Batman Forever 4K Blu-ray Review
Plays like a joke
Batman Forever 4K Blu-ray Review
Riddle me this, riddle me that, who's afraid of the big, black bat?So, this was the last Batman film I saw at the cinema until Nolan took over, thus I helped in its financial success. If only I’d known.
Whilst Batman Returns was a huge financial success, it didn’t earn as much as Batman, therefore the studio wanted a change of direction, Tim Burton was shunted to producer (not that he had much to do with the production) and Joel Schumacher was brought on to direct. And with him there was a massive tonal shift; gone was the dark, brooding and violence, to be replaced with more colour and far lighter tone, the idea to be more faithful to the comic-book look. In this regard, he was successful; the frames do have a comic-book design to them. This, itself, would have been fine, but along with it, the campiness, so synonymous with the 60’s TV show was also drawn into the script. And this permeated all the way through, making the film all rather daft.
Jim Carrey was, at the time, a bankable star and he was brought on board as the Riddler with his madcap, frenzied acting style. This could have worked had it only been him playing as such, after all the Riddler is a madcap character. Unfortunately, and unfathomably, Tommy Lee Jones plays the exact same way as Two-Face, traditionally a more stoic character, and the two together are an unwatchable mess. Val Kilmer as Batman was too young and hadn’t the range nor the depth to portray the tortured soul of Bruce Wayne.
Chris O'Donnell’s introduction as Robin was well handled, but he was too old for the part and was never given time to define the character. And why was Nicole Kidman even in the film as Dr Chase Meridian? This was a character wholly invented for the film as nothing but an expositionary device. None of these characters have any depth or motivation, the acting is bad, the dialogue is worse and no-one comes away unscathed. Then you come to the music, composer Elliot Goldenthal presents a whole new score, that is loud, brash, completely over the top and too far removed from Elman’s iconic themes; just another woeful decision.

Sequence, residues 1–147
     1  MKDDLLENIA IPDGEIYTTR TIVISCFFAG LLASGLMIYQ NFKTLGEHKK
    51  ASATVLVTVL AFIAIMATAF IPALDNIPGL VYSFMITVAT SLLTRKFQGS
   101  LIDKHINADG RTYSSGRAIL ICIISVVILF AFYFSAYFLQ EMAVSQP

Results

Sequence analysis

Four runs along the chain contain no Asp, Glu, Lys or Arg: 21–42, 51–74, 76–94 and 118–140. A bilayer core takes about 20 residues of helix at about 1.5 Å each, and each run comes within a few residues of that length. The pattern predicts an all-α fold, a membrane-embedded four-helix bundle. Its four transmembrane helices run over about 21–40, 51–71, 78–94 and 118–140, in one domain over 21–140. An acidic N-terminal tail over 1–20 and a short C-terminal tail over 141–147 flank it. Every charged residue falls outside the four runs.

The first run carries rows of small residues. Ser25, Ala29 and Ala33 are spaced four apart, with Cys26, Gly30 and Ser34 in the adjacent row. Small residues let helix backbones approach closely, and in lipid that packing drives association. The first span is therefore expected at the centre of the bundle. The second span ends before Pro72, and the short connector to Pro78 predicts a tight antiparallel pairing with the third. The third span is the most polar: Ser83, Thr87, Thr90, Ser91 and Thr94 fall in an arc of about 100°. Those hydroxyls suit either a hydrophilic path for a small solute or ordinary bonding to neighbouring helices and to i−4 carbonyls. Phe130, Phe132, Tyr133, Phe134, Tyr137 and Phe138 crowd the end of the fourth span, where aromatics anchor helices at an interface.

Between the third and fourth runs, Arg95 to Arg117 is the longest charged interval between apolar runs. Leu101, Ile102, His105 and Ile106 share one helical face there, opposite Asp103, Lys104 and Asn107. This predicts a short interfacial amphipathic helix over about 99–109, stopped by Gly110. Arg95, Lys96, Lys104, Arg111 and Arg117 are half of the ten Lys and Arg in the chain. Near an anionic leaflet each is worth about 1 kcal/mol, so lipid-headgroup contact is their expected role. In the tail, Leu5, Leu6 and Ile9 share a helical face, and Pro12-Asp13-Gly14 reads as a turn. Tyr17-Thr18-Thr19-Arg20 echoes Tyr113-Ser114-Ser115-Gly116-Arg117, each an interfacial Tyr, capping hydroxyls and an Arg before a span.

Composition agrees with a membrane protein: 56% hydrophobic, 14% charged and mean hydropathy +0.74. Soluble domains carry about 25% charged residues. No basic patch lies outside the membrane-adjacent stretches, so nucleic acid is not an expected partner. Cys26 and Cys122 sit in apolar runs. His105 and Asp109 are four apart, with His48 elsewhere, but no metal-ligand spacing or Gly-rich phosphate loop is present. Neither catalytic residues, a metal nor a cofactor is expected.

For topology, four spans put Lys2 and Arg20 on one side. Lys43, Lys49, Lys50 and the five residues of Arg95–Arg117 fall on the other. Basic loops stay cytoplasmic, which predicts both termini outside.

The plot of the film is quite clever, if only the suggested undertones had been properly explored. The overarching feeling, though, is that no-one is taking the film seriously; it plays like a joke and that makes it very difficult to get over.
Batman Forever 4K Blu-ray Picture QualityBatman Forever was shot using Panavision Panaflex Platinum cameras on 35mm film and has recently been cleaned-up and scanned at 4K, the result of which has been used for this Ultra HD Blu-ray release. The disc presents a native 3840 x 2160p resolution image in the widescreen 1.85:1 aspect ratio, and uses 10-bit video depth, a Wide Colour Gamut (WCG), High Dynamic Range (HDR10), and is encoded using the HEVC (H.265) codec. We reviewed the Region free UK Ultra HD Blu-ray release of Batman Forever on a Panasonic 65DX902B Ultra HD 4K TV with a Panasonic DMP-UB400 Ultra HD Blu-ray player.
This new scan really injects some verve into the image. Detail is far sharper than ever before, skin texture, clothing weaves (check out the Riddler’s various costumes, the sparkly one at the climax is simply stunning), buildings, furniture, instrument panels; all are clean, crisp and clear.
Whilst the added resolution gives far better definition to the edges, the WCG and HDR really push the visuals; colours are breath-taking. Schumacher bathes his frame in light and colour, reminiscent of comic panels, and it has never looked so good as it does here – greens are prime and vibrant, reds are deep, penetrating and luscious while blues are cool and bold. Check out the neon/black light of the graffiti and the gang make-up when Robin first takes the Batmobile out. Check out how vivid the green of the Riddler’s TV signals is. Check out the red of the Batmobile flames and the blue of its new design. Indeed, each highly lit scene is incredibly well reproduced.